The Yard @ Juilliard

Sunday, March 21st, there was a very special event at Juilliard, concerning the recent production of Branden Jacob-Jenkins’ Neighbors. The evening brought a variety of panelists together.  A few Blackboard attendees were also there, and the atmosphere was safe enough for a 4 hour plus dialogue which included the post-discussion reception.

I did not see Neighbors, so my experience with the play is limited to two discussions, one before and this one, after the play.  Before the play opened, Blackboard had a Community Discussion, “NEW VOICES in BLACK THEATRE” on January 11, 2010.  The discussion was very similar to what happened last Sunday at “The Yard”.  The panel was moderated by Artistic Associate at The Public, Jocelyn Prince and included black and white members of the Neighbors’ cast, in addition to academics, writers, a sociologist, an actor, and other theatre and non-theatre professionals who one-by-one commented on their experience with the production and how it related to the world outside of the play.

The one thing I can say about this play, given these discussions, is that it evokes a variety of responses, and a litany of paper topics for any scholar.

A common and perhaps the most obvious theme from these discussions deals with identity.  How we see ourselves as Blacks in Theatre, Blacks in America or even Blacks throughout the Diaspora and how others see us.

So Kudos to “The Yard” for their efforts in organizing such a fantastic event!  This is a wonderful group of students that will bring a lot of great to the community!

Looking forward to the next event!



About blackboardplays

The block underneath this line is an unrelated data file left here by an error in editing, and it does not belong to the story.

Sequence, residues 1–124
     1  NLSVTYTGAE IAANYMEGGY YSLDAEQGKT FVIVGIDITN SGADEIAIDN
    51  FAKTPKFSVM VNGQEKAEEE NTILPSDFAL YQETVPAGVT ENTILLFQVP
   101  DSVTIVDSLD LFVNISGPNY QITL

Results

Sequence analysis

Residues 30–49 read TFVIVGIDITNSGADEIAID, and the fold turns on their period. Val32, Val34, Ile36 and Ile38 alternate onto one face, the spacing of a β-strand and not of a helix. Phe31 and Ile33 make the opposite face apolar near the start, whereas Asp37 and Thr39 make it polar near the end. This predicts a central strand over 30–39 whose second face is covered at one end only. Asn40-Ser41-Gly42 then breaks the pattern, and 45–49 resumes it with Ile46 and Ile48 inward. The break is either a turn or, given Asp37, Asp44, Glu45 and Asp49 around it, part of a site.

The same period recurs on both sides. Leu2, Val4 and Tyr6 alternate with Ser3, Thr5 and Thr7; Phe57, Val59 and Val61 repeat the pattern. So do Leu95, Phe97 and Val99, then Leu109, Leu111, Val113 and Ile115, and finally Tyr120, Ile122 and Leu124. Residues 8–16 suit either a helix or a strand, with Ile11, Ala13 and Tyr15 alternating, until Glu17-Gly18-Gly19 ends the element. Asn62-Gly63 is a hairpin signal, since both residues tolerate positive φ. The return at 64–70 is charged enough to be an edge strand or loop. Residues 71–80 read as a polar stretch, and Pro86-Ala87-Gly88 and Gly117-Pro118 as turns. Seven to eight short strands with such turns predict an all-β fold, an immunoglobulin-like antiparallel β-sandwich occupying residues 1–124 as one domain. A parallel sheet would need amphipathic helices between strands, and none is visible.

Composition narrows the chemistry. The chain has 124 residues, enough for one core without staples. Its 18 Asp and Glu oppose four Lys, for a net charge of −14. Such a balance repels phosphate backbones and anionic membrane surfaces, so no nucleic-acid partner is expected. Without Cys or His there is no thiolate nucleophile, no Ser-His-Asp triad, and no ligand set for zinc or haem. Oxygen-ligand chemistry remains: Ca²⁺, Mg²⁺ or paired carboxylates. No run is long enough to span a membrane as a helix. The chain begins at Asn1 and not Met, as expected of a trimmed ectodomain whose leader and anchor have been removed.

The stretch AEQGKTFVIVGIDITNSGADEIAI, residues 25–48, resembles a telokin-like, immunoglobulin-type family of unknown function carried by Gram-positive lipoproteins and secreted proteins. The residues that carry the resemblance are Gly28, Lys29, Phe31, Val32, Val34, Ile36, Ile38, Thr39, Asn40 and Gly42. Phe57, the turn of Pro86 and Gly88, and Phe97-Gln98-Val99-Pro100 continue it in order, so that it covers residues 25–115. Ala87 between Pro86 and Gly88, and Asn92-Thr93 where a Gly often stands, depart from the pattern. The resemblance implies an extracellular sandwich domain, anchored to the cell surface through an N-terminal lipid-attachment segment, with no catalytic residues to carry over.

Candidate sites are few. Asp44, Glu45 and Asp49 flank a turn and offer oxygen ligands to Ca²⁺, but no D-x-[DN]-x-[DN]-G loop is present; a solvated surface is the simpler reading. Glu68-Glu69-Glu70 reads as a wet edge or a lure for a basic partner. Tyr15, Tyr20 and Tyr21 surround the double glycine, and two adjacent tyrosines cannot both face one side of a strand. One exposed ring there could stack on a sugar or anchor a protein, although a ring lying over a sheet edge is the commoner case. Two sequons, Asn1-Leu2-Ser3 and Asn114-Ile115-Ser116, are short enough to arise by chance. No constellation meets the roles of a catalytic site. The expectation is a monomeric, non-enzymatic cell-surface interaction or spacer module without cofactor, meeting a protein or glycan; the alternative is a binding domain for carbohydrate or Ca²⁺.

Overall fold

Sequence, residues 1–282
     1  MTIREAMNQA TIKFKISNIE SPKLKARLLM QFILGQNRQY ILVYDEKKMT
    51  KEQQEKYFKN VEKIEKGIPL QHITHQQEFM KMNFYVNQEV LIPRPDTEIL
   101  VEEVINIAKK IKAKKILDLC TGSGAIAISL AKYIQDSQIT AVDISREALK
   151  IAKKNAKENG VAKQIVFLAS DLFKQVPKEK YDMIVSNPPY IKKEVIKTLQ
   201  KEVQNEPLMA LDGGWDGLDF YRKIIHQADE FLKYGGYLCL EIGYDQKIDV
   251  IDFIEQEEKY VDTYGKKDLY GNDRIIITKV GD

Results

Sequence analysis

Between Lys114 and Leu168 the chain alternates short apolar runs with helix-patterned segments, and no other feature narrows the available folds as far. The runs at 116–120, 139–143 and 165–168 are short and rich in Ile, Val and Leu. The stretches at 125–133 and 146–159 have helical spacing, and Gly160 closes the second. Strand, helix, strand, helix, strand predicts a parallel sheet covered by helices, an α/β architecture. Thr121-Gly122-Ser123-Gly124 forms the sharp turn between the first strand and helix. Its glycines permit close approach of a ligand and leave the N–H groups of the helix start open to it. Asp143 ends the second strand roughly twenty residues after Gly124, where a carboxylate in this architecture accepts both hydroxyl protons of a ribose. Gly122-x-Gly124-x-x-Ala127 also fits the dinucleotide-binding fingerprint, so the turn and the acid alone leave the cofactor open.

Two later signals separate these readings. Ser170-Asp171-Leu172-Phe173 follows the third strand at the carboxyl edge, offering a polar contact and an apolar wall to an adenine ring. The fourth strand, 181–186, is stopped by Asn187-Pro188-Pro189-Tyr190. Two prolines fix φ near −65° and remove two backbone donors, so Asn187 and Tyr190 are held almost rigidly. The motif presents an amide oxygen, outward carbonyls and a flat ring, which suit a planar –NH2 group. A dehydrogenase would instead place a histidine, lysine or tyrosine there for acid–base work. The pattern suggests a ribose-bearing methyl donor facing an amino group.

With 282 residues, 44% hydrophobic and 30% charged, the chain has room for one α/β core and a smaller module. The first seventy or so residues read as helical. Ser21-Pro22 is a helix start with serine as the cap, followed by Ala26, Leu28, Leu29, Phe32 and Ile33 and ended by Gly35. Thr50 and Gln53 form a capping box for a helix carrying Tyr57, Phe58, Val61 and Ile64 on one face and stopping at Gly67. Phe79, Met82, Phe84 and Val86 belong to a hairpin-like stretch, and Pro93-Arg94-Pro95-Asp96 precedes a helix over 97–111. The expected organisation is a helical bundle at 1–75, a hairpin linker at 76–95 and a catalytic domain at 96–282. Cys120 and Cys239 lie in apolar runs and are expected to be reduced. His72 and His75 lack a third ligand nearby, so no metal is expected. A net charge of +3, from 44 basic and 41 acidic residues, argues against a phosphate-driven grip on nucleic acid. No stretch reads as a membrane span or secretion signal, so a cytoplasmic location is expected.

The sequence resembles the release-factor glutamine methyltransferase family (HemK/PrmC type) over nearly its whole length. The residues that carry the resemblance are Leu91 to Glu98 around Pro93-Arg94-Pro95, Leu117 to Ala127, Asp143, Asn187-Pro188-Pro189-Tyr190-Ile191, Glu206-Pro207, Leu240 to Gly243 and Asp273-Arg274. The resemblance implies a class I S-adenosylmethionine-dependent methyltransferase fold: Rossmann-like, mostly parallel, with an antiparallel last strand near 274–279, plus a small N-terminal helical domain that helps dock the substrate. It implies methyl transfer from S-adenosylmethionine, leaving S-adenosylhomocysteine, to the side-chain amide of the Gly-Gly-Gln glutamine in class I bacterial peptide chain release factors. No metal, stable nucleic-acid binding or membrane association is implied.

Familiar with the collectives for poets and other Black writers that had been created over the years and slightly envious of that sense of community, I became curious about a similar place for playwrights. I wanted to see Black playwrights, actors and directors excited over each others work and supporting each other. I was longing for a “home” as a Black playwright and wanted to see other Black artists in that home, not to be exclusive, but because there was a void. I was also eager to find other Black playwrights who shared a passion for the craft of storytelling. The stories of the Black community are diverse and are often hidden behind the blockbuster stereotyped versions. The non-artistic Black community, not involved in the writing of these stories, is yearning to see themselves in our stories and it is apart of my life’s work to ensure that happens. the cell is any artists’ dream: a new space that supports you as you grow, committed to new work and the art. This allows the writer to focus on the craft - to focus on their story. Nancy Manocherian and Kira Simring welcomed this idea with open arms and instantly became apart of what we later called “Blackboard Reading Series”. Every reading will conclude a twenty minute talk-back with the audience. Dialogue with the community is essential to what we want to do with the series. As we grow, there may be more readings a month, play festivals and of course productions. We want to nurture and develop new black playwrights for this generation! Thank You! Garlia Cornelia Jones Founder, Blackboard Reading Series
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